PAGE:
Trade Unions

The Nigerian Labour Congress (NLC) yesterday suspended its general strike on its fourth day, after the government agreed to meet the unions on October 4-5 to discuss an increase in the minimum wage. The call for the strike had surprised the union leaders themselves, who had not expected such a massive response. Now they are doing everything to demobilise.

Three months of strike by lecturers and teaching assistants at York University has created a deep crisis at the institution. Most classes during the winter term were not in session, and now the summer term has been shortened and course offerings heavily cut down. This is no surprise as most of the teaching at the university is done by striking members of CUPE 3903.

Workers in Britain have been under attack from the bosses and the Tory government for years. And yet many trade union leaders do not seem capable of fighting back. This is one of the reasons that unions last year experienced the biggest single drop in their membership since records began. Total union membership is now just 6.2 million workers, compared to 13.2 million in 1979.

Rob Sewell, editor of Socialist Appeal, replies to sectarian slanders and points the way forward for the unions in the fight to reclaim the Labour Party, defend Jeremy Corbyn, and fight for socialist policies.

On April 28 we saw a massive general strike in Brazil, the first in over twenty years, which we reported on, but before this, in Argentina there were dramatic events during a mass trade union rally where the union leaders were booed and shouted down and had to escape the wrath of the workers, escorted by security guards - “unprecedented” for a trade union rally in Argentina. The reason for the anger was the refusal of the leaders to fix the date for a general strike. In both Brazil and Argentina the working class is on the move. Here we provide a report from our comrades in Argentina.

After Bus Éireann, a subsidiary of Ireland’s state-owned public transport operator (CIÉ) responsible for bus travel outside of Dublin, announced a swathe of attacks against workers and bus services, the National Bus and Rail Union (NBRU) declared an all-out strike effective from midnight on 23rd March. The bus drivers have reacted to these attacks with fierce militancy. This struggle is a clear indication of the growing discontent and class anger building up across Ireland.  As cracks open up in the Fine Gael-led coalition government over everything from water charges to police corruption, it is clear that this weak and divided government can be brought down.

It is deeply ironic that those who have spent years ignoring the working class and trying to break the link between the trade unions and the Labour Party should now be taking such an intense interest in the future of Britain’s biggest union, Unite. And yet this is precisely what is happening at present, with the Blairite wing of the Labour Party going into overdrive in their attempts to kick out the incumbent, Len McCluskey, as ballots for the Unite leadership election arrive through the letterboxes of the union’s 1.4 million members.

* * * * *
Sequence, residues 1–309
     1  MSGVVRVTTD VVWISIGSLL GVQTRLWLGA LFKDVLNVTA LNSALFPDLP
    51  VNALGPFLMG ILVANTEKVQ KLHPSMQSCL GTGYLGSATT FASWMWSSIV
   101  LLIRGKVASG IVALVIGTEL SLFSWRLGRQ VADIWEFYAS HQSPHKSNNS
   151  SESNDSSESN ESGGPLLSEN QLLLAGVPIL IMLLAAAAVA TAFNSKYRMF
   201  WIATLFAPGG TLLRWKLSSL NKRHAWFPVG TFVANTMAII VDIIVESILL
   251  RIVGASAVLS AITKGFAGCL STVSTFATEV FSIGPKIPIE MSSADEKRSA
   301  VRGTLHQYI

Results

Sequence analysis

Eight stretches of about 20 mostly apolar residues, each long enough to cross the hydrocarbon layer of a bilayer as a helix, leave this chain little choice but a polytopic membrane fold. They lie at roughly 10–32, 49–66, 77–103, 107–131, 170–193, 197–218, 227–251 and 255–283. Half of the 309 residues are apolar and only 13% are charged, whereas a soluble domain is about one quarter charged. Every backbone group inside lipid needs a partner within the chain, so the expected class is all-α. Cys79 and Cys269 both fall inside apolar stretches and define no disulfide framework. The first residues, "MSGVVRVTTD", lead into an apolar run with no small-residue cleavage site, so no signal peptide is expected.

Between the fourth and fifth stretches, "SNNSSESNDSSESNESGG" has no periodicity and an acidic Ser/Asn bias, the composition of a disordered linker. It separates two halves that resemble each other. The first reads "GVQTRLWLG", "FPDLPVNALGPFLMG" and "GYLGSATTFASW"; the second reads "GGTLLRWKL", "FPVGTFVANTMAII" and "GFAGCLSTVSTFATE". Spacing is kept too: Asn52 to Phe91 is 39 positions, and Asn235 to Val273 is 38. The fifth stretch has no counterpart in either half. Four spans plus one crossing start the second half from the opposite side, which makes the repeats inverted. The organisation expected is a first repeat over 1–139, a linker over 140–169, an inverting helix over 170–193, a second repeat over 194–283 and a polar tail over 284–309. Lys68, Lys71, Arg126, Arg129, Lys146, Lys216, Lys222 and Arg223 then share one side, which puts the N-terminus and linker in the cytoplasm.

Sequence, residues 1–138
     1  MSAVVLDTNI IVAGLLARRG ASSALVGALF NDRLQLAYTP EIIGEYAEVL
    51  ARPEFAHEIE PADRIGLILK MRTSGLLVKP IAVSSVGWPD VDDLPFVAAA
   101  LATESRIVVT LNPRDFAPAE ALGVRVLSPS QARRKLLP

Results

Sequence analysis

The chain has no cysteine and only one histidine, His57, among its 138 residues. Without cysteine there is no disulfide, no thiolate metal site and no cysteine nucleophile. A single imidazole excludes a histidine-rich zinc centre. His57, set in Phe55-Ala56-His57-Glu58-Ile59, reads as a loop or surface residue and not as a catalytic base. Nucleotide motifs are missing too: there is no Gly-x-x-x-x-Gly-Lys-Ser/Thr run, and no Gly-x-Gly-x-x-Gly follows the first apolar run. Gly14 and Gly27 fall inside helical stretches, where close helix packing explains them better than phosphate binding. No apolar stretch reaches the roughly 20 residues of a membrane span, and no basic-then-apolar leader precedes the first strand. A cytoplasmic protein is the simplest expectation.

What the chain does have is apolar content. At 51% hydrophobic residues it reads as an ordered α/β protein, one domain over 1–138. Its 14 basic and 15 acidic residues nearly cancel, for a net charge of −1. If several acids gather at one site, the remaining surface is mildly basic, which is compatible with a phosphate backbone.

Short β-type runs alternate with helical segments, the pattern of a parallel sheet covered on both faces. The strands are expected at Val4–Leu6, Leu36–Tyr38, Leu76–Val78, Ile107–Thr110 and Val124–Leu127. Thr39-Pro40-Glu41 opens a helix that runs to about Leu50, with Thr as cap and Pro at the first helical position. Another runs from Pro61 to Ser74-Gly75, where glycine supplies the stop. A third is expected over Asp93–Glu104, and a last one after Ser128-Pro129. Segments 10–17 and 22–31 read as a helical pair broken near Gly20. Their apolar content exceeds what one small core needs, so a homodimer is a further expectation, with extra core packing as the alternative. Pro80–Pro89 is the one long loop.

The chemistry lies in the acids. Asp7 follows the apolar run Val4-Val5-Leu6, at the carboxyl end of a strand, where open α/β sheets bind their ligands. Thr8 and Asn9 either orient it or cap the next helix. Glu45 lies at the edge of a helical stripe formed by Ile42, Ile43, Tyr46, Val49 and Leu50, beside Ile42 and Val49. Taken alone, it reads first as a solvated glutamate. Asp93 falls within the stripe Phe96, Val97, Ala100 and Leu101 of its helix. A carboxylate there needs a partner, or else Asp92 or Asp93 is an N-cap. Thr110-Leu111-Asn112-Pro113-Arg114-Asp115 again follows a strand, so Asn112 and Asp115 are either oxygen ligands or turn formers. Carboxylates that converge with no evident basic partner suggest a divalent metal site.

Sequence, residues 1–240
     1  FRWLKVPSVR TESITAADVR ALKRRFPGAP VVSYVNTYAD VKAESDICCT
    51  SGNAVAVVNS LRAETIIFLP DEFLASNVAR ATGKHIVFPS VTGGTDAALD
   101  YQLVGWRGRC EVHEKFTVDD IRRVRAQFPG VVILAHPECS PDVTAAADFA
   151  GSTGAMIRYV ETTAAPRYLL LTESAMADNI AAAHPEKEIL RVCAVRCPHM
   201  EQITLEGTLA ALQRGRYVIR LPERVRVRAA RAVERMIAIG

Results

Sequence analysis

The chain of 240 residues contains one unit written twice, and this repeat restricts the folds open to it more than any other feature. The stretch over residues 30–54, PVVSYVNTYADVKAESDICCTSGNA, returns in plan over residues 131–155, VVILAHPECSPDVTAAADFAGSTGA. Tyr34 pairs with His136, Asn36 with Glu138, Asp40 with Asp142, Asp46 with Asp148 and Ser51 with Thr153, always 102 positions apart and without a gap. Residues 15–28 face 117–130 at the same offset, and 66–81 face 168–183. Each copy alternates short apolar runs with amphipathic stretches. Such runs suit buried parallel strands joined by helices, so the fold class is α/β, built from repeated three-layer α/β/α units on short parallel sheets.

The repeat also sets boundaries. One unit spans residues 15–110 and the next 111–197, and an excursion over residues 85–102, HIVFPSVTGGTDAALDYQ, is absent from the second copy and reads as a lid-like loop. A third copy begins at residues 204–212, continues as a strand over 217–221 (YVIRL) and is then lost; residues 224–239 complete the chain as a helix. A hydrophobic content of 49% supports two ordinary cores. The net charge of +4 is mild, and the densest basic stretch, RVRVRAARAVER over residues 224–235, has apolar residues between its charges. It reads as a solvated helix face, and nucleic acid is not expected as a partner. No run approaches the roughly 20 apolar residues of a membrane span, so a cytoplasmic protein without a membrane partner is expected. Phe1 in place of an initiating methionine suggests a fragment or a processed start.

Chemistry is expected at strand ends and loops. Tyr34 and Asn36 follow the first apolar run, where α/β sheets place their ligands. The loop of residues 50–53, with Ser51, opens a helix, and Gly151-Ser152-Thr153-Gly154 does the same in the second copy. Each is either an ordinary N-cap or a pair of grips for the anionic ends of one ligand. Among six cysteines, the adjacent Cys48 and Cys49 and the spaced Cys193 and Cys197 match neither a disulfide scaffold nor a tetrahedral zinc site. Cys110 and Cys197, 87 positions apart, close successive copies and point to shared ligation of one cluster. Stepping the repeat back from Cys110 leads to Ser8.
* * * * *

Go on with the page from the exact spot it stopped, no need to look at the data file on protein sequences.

On March 6, Spanish dockers will go on strike against a decree of the PP government which destroys the very foundations of social rights conquered with organisation and struggle, and contained in agreements and laws, such as Convention 137 of the International Labour Organisation Labour, ratified by Spain in 1973, to guarantee the regularity of employment and minimum salaries of this group of workers.

The focus of the class struggle in Britain is undoubtedly now centred on the battle inside the Labour Party between the Corbyn movement, on the one side, and the Blairites - backed by the entire Establishment - on the other. Any analysis regarding the tasks of the trade unions at this time must begin from this fact.

In response to the way globalisation affects road transport workers the T&G in the UK and Ireland is launching a pilot project to recruit non-English speaking international drivers, whose pay and conditions are inferior to both EU and UK wages and conditions.

The election of Tony Woodley, regarded as the left candidate, in the recent T&GWU Deputy General Secretary election is an important step forward in the struggle to reclaim the union for its members. Woodley has consistently supported the victimised Irish officials Mick O'Reilly and Eugene McGlone, and must now act to see them reinstated. In the near future Morris will retire and there will be an election for General Secretary. The election of another left candidate, perhaps even Woodley himself, would mark yet another step forward. The Deputy General Secretary election coming on top of the election of class fighters and socialists like Dawn Stuart to the GEC of the T&G

...

Dawn Stuart, a young Belfast City Council worker, and Marxist, has been successfully elected to the national leadership, the GEC, of the TGWU. Dawn stood on a programme of union democracy, and for a fighting campaigning union. The success of her campaign is an important breakthrough. After her victory Dawn spoke toSocialist Appeal.

Dawn Stuart is a left trade union activist working for Belfast City Council. She is currently standing for the General Executive Council of the Transport and General Workers Union (TGWU) on a programme of union democracy. This is especially important since the bureaucratic removal of Mick O'Reilly and Eugene McGlone from their positions in the Irish region. The following is her election statement:

Irish rail drivers, members of the Amalgamated Transport and General Workers Union, have been engaged in a battle with the rail bosses over conditions and recognition. Under pressure from all sides, and with the intervention of the Labour Court, the union has decided to suspend future strikes.

Join us